Budget 2021

Unprecedented thrust on infrastructure: Kumar Mangalam Birla

Kumar Mangalam Birla | Updated on February 01, 2021

The Budget FY22 presents a comprehensive package that will accelerate economic growth and dramatically boost business confidence — just what a pandemic-hit economy needed. The Budget is built around the government’s credo of minimum government and maximum governance. It lays out an action plan to deliver on the Prime Minister’s clarion call for an ‘Atmanirbhar Bharat’.

In doing so, the FM has unleashed a slew of bold and unconventional stimulus measures that will revitalise the economy. Understandably, these measures will lead to a sharp increase in the fiscal deficit. The FM estimates the fiscal deficit to be 6.8 per cent of GDP in FY22. On the positive side, though, much of the borrowings will be utilised for capital expenditure. The FM has made a bold move to budget an increase in the capital expenditure by 35 per cent to ₹5.4-lakh crore in FY22 from ₹4.1-lakh crore budgeted last year. The Central government’s capex next year will amount to 2.5 per cent of the GDP from 1.9 per cent in the previous year.

The increased capital expenditure is expected to be spread across key pillars of infrastructure. The Budget has aptly focussed on strengthening the roadways, railways, including metro rail, port development, micro irrigation and much needed distribution infrastructure for gas connectivity. For example, the government has an outlay of ₹1.18-lakh crore for the Ministry of Road Transport and Highways. This will be utilised to further build highways with a target to expand India’s highway network by 8,500 km by March 2022 and complete an additional 11,000 km of the national corridors. Interestingly, the FM listed specific infrastructure projects in her Budget speech this time in great detail. This reflects that the Budget plan for infrastructure is much beyond mere capital allocation; this would potentially have a strong multiplier effect on the economy.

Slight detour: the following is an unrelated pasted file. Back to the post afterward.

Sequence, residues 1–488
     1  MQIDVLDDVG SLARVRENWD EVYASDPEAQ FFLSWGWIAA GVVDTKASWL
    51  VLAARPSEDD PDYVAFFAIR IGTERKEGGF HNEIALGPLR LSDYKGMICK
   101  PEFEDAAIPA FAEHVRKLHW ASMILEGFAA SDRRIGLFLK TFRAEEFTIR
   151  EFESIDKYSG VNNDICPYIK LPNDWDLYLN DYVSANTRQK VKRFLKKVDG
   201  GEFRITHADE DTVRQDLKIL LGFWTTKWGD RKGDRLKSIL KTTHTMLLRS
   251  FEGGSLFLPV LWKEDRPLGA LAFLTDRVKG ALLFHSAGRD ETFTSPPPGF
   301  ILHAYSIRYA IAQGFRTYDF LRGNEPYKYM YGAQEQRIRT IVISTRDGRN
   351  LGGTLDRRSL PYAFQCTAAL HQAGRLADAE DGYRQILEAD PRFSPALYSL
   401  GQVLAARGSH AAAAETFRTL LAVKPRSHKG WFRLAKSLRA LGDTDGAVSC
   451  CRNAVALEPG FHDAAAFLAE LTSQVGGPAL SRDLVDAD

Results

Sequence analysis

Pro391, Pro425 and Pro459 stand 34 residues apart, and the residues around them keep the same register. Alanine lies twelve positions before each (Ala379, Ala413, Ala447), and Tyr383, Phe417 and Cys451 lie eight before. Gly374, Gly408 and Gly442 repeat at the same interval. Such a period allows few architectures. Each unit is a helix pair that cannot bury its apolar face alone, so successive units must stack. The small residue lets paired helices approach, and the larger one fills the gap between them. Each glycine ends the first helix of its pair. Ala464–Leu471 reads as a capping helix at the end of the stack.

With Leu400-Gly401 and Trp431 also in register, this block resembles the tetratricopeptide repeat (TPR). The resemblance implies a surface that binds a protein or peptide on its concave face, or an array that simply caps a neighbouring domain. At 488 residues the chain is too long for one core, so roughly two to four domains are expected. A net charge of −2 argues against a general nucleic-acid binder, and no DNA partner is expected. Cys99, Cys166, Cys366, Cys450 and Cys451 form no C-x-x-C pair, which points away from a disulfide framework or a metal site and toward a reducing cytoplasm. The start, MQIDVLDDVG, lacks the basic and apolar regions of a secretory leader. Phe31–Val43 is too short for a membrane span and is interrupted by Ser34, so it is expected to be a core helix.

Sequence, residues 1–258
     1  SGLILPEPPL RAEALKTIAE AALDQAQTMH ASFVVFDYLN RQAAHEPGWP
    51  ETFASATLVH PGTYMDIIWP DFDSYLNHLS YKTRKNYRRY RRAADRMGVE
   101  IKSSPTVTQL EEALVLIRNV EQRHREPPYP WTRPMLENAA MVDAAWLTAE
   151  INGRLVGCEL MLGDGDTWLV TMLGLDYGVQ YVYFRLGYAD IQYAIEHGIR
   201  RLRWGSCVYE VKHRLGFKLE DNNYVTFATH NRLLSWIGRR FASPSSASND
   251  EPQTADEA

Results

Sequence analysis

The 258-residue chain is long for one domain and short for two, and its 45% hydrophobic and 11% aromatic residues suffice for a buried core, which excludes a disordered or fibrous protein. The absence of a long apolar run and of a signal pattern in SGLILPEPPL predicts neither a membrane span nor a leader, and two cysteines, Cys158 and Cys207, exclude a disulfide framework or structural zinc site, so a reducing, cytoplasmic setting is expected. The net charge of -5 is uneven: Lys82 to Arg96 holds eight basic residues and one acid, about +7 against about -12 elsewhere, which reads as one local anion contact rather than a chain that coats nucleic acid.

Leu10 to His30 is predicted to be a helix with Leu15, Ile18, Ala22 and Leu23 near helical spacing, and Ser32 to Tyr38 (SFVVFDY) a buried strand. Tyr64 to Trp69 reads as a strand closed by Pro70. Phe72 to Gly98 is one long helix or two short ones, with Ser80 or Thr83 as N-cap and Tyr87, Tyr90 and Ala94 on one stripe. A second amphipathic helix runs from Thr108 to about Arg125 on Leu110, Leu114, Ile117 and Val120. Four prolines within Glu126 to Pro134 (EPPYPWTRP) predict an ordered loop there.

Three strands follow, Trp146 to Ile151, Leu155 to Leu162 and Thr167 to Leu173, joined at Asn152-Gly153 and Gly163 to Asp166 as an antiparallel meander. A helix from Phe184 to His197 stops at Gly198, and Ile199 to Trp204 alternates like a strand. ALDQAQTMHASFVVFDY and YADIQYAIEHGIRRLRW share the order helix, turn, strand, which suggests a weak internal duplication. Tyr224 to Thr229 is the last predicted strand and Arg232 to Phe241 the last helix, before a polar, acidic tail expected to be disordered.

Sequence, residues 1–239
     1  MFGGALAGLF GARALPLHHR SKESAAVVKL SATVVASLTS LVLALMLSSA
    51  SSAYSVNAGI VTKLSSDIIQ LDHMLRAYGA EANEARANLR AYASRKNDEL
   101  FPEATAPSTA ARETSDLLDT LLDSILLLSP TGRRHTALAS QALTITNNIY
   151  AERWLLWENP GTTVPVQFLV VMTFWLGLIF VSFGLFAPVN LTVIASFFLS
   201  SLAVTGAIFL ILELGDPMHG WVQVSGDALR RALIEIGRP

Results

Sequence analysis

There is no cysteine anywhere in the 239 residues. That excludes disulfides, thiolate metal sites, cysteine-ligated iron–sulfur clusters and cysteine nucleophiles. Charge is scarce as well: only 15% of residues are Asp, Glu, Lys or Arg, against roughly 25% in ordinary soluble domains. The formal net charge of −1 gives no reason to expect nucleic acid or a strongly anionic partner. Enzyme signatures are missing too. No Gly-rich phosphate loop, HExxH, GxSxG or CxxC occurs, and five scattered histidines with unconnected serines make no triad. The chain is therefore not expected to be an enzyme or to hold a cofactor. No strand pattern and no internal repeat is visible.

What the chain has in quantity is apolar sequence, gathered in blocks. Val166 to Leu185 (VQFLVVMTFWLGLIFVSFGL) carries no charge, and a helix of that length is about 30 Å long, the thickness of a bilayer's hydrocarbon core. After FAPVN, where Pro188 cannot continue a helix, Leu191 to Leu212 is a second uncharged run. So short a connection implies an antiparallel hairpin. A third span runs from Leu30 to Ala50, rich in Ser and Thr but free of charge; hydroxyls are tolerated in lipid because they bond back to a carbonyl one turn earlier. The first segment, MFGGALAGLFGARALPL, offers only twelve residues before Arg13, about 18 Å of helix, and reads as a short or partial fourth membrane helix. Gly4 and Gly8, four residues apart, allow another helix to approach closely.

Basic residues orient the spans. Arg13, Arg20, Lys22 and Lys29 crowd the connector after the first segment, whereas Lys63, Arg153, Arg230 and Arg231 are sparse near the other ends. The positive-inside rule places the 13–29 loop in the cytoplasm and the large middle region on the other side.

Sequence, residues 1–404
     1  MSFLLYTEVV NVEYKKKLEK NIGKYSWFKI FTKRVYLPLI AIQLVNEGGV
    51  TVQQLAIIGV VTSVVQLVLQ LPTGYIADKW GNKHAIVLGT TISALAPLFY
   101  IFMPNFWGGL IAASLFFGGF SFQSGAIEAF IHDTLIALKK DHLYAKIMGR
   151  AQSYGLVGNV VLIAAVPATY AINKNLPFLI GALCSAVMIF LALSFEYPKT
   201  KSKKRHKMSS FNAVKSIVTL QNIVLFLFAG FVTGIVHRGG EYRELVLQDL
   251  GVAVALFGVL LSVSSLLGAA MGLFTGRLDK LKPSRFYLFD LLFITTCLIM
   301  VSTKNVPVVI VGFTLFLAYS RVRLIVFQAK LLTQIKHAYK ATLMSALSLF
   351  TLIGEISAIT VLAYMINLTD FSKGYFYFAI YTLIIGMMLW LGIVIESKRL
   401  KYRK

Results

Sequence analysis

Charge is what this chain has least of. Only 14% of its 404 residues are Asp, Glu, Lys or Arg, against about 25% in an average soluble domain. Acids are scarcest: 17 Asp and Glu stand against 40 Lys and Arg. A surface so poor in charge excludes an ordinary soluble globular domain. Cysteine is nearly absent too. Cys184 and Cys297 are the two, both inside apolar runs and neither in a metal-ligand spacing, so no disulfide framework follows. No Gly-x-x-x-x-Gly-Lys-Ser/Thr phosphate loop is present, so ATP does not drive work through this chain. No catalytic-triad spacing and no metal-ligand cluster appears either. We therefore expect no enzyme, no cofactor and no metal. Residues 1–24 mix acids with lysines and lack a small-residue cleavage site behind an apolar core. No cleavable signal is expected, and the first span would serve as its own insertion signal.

The National Infrastructure Pipeline, which was launched with 6,835 projects in 2019, has now been expanded to 7,400 projects. The focus on enhancing infrastructure targets will have its trickle-down benefits for the industry, too. This will help in two ways. One, by creating job opportunities and income, which will add substantially to incremental aggregate demand in the economy. Two, by making the industry more cost-efficient, by reducing the cost of logistics and transportation. The government believes that for a $5-trillion economy, the manufacturing sector has to grow at double digits, on a sustained basis, and needs to become an integral part of global supply chains. Along with production-linked incentives, world-class infrastructure will be a key pillar of that vision.

Further, the Budget has been path-breaking with an innovative approach to monetise the assets beyond the disinvestment targets of public sector units during the year. Monetising operating public infrastructure assets is a very important financing option for new infrastructure construction. The government plans to launch a National Moneti’sation Pipeline’ of potential brownfield infrastructure assets. An asset monetisation dashboard will also be created for tracking the progress and provide visibility to investors. The debt-financing of Infrastructure Investment Trusts (InVITs) and real-estate investment trust (REITs) by foreign portfolio investors (FPIs) is expected to be enabled by making suitable amendments in the relevant legislations. This will further ease access of finance to InVITS and REITs, thus augmenting funds for infrastructure and realty sectors. Additionally, a Development Finance Institution will be seeded to fund long gestation projects, mainly in infrastructure.

The Budget has also enhanced spending on health and education sectors. In the post-pandemic year, it was imperative to scale up health spending, including that on nutrition, to match it with other peers. In many ways, health and education can be said to be the soft infrastructure which builds human capital, which is what leads to sustainable growth of the future knowledge economy.

Budget 2021 is far-sighted in its vision, and bold and ambitious in its thinking. This is a game-changing Budget.

 

The writer is Chairman, Aditya Birla Group

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Published on February 01, 2021
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